Recognize When You’re Super Angry


The first step is to take a look at how often you feel like you are angry to the point of irrationality and losing control. Trouble of any sort - including legal trouble - often begin when irrational impulses and thoughts are given in to, especially if one is angered to the point of irrational thoughts, impulses, behaviors or actions.

Being aware of these states is the first step towards gaining control of them. If you recognize that you are becoming irrationally angry, to the verge of losing control, that's a good time to take a step back from a situation. Also, pay attention to what causes you to get angry. Awareness and management of your triggers is vitally important.


Assess Your Triggers


Think back about the times you were mad and see what got your panties in a bunch. Is your day full of the stupidest people this earth has to offer? Do you seem to have an idiot magnet in your pocket and you can’t seem to do anything without getting angry?

Well brother, the problem might just be you.

Anger is easy to build on. When something goes wrong the stress starts to build. Then, before you know it you’re keying the poor old lady’s car who was the reason you were late to work. Knowing what really grinds your gears is a great bit of knowledge because then steps can be made to avoid those circumstances whenever possible.


Be Cool, Man


Look at it like this. What good will it do to hit a guy or break a window or threaten someone with your gun? It will cause more harm than good. When people are instigating you and trying to find your breaking point, walk away. When you are carrying a gun and in an argument which is more important, being right or being unarmed for the rest of your days?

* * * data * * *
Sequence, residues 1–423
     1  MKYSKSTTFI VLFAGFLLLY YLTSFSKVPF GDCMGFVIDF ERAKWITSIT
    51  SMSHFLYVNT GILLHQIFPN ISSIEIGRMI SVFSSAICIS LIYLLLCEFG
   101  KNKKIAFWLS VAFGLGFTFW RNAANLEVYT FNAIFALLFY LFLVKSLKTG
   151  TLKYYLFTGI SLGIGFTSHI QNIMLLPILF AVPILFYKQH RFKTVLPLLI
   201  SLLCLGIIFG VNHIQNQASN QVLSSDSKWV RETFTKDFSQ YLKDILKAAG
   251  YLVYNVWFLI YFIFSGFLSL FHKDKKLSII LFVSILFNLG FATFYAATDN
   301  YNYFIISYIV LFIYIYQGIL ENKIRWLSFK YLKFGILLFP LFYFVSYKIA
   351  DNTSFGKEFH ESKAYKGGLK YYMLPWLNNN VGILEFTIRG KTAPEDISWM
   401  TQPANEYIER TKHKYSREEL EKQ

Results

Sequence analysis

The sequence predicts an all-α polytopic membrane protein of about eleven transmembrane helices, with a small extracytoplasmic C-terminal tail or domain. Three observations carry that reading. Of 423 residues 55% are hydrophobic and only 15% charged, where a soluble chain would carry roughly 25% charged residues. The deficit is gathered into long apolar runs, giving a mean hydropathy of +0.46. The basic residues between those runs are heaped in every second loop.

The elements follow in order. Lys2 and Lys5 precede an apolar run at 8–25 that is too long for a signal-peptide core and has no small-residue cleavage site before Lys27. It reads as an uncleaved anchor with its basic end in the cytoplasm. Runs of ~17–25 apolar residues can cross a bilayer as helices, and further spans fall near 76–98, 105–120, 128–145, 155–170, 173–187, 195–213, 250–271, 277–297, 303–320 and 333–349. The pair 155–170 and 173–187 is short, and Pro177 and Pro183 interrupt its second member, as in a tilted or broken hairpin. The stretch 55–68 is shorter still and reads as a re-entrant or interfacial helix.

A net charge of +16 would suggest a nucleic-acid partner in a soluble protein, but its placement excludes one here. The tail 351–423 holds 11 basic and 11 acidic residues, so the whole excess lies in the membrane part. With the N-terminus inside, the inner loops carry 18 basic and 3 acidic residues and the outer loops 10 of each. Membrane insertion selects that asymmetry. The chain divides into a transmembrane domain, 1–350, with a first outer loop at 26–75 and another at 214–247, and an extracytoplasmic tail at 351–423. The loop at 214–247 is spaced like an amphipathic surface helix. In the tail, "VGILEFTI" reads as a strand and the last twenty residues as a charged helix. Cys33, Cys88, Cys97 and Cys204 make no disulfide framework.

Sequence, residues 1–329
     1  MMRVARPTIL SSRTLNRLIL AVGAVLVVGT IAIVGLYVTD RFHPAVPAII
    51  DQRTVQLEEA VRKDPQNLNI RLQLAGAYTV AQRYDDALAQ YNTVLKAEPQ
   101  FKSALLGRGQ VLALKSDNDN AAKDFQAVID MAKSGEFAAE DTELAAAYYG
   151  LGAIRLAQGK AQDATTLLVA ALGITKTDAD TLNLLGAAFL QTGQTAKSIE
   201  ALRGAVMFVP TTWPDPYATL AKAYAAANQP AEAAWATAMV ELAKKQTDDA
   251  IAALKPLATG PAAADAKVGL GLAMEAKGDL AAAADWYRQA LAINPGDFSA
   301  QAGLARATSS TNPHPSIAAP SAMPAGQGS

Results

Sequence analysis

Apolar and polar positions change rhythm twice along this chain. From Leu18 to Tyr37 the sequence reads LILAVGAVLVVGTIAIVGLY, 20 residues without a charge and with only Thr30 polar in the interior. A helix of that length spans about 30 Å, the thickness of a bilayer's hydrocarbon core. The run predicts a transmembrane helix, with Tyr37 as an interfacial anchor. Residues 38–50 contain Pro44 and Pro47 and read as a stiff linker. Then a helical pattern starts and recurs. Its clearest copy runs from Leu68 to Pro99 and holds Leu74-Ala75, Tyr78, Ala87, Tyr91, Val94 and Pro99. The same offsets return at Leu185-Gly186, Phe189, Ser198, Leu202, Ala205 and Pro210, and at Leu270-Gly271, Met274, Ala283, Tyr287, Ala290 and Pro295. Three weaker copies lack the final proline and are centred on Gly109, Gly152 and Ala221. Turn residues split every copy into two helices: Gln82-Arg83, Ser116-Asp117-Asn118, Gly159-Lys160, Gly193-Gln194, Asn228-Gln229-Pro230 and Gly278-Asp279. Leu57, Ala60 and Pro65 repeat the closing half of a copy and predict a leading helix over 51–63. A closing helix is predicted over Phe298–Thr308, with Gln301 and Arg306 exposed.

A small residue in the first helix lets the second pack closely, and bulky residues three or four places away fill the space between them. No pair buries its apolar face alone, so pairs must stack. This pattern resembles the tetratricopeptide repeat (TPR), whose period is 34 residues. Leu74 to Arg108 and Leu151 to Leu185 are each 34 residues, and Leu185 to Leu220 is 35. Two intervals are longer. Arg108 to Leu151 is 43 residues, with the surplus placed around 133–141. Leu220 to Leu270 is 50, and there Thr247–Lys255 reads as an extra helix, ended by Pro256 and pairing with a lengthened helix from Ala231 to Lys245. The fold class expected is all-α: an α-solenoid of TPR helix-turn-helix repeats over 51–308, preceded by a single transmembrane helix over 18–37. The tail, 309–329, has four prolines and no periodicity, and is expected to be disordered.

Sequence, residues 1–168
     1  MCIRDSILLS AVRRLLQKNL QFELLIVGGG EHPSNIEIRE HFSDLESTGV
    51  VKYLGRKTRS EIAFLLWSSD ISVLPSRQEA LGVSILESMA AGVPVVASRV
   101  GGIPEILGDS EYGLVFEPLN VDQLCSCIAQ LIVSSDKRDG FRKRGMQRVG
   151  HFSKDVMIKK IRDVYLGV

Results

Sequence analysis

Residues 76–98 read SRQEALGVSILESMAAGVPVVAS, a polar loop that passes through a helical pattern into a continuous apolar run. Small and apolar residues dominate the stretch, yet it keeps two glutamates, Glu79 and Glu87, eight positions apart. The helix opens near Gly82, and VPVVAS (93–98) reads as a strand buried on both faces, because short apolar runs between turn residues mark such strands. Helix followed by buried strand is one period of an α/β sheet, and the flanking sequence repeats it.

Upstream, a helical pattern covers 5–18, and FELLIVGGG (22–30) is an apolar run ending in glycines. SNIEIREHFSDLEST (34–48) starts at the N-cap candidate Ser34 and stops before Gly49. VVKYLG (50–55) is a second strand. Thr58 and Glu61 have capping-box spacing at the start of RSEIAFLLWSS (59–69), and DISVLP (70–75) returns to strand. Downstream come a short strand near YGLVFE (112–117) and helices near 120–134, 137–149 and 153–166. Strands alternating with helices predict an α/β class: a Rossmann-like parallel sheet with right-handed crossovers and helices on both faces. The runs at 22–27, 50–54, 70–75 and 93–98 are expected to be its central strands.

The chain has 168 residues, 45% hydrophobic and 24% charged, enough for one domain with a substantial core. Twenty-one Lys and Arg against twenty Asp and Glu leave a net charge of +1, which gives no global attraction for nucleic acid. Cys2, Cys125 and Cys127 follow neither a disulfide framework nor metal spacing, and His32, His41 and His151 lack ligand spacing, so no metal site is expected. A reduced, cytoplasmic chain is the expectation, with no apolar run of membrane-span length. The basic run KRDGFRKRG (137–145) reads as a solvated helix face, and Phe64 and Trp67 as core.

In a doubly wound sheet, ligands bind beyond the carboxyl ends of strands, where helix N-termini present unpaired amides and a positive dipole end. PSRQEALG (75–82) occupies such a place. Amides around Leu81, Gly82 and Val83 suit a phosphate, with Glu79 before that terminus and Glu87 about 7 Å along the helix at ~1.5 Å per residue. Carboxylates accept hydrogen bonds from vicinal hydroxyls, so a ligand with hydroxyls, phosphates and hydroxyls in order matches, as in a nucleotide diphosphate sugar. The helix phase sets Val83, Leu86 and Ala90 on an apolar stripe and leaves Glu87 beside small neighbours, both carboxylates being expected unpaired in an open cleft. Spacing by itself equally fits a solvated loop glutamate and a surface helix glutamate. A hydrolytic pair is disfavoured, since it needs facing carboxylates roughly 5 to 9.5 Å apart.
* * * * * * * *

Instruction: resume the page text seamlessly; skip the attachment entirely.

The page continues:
In case you haven’t noticed, John Q. Public is being taught guns are bad. What this means to you is, when someone is intimidated by someone like yourself and they see a gun in your waistband holster, they will feel like you are going to use it. Because this person felt intimidated or threatened, this is considered brandishing. And let’s face it, people feel threatened by the color of snow or appalled when someone is exercising their rights.

The overall takeaway from all of this is, make sure you are conscious of your actions. Knowing when to walk away can be the difference between being a responsible gun owner and a felon. A good quality holster will also be half the battle to keeping your firearm 100% concealed, take a look: Quality IWB concealment holsters

What’s your take on anger issues and carrying a weapon? Do you have any tips about how you handle stressful situations?



About The Author

Trevor Dobrygoski has been a freelance copywriter since 2009. He has written about many different topics over the years. His 9-5 is outfitting police and other public safety vehicles with all of the equipment the law enforcement and other first responders need to save lives. When not working and writing, he is coaching, refereeing and playing soccer.